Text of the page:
Date of Award

Spring 2012

Degree Type


Degree Name

Master of Applied Science (MASc)


Electrical and Computer Engineering


Steve Hranilovic




Free-space optical (FSO) communication is a potential technology for last-mile applications. Key advantages are the unlicensed spectrum, high transmission rates, and inherent security. Moreover, Radio-over-FSO (RoFSO) allows seamless integration between the incompatible radio frequency (RF) and optical networks. Such advantages qualify FSO systems to take a front seat in next-generation broadband communication networks. However, the main challenge for FSO systems is the performance degradation imposed by the atmospheric attenuation and turbulence. To exploit the advantages of FSO systems, accurate and computationally-efficient channel models are required. This thesis represents in-field experimental work related to FSO channel measurement as well as the transmission of orthogonal frequency division multiplexing (OFDM) over the FSO channel. A 1.87-km FSO link installed at McMaster University is employed. A high-speed field-programmable gate array (FPGA)-based digitizer board is used as the underlying hardware platform for interface with the link. A system-on-three-FPGAs is implemented to act as a universal transceiver for signals composed using MATLAB. A new technique is developed for conducting the FSO channel measurement. An optical signal intensity-modulated by a high frequency sinusoid is transmitted. The received signal undergoes a fast-Fourier transform (FFT) to filter out a large portion of the interfering noise providing more accurate measurements. Fitting with the log-normal distribution is investigated. A finite-state Markov model is also derived and its accuracy is verified by the simulation results. The first realization of an in-field OFDM over FSO transmission system is implemented and tested over the link. The received signal is investigated on the symbol level and constellation diagrams are visualized. Transmission rates up to 300 Mbps are achieved with average symbol-error rate (SER) on the order of 10-6.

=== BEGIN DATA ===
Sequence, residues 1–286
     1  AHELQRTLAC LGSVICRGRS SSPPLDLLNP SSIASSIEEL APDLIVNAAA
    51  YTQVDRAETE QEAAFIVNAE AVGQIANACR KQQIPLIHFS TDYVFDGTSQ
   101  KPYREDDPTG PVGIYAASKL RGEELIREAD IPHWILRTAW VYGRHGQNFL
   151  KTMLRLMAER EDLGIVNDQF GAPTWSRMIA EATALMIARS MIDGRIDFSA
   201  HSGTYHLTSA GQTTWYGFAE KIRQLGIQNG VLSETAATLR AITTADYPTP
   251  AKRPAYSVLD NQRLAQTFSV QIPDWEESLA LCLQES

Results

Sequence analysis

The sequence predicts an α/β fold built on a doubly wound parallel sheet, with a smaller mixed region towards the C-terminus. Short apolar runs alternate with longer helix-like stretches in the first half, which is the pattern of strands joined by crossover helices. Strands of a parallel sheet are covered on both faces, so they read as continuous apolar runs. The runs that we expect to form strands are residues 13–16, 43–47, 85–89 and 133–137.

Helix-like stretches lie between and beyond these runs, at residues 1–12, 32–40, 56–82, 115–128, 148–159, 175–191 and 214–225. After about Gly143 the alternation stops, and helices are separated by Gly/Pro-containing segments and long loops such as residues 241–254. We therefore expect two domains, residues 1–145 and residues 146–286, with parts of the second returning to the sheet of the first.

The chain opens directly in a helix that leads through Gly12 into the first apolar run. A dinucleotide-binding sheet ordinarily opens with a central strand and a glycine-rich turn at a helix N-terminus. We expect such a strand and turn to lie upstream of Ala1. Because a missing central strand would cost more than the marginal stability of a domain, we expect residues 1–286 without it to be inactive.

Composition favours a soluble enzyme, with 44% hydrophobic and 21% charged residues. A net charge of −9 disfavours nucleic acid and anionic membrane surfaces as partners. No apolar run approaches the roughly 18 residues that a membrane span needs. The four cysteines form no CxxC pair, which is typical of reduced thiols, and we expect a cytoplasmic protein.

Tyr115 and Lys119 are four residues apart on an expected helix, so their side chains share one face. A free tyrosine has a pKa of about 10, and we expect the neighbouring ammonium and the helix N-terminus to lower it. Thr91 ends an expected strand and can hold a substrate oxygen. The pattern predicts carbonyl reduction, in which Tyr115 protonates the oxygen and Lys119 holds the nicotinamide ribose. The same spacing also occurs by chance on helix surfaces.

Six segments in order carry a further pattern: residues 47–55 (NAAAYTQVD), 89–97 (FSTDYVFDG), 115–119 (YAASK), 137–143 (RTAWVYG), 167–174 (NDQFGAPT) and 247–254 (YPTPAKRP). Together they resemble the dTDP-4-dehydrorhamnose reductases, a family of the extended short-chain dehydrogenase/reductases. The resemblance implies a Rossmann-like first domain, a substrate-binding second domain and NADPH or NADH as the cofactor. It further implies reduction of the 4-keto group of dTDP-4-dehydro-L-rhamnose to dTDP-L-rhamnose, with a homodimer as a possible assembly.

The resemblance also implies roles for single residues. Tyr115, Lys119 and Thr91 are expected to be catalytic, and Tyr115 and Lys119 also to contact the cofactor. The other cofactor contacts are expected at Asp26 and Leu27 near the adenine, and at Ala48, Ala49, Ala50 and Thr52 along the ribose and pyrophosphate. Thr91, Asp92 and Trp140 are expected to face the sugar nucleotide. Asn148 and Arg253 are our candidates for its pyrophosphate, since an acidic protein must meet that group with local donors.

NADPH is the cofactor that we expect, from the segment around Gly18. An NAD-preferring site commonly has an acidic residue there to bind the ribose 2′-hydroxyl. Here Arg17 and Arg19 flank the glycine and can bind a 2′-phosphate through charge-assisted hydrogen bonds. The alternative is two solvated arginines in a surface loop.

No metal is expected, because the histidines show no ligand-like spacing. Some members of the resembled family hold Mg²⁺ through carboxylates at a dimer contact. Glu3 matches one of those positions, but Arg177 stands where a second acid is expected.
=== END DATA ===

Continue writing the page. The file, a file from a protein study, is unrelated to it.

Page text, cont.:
McMaster University Library

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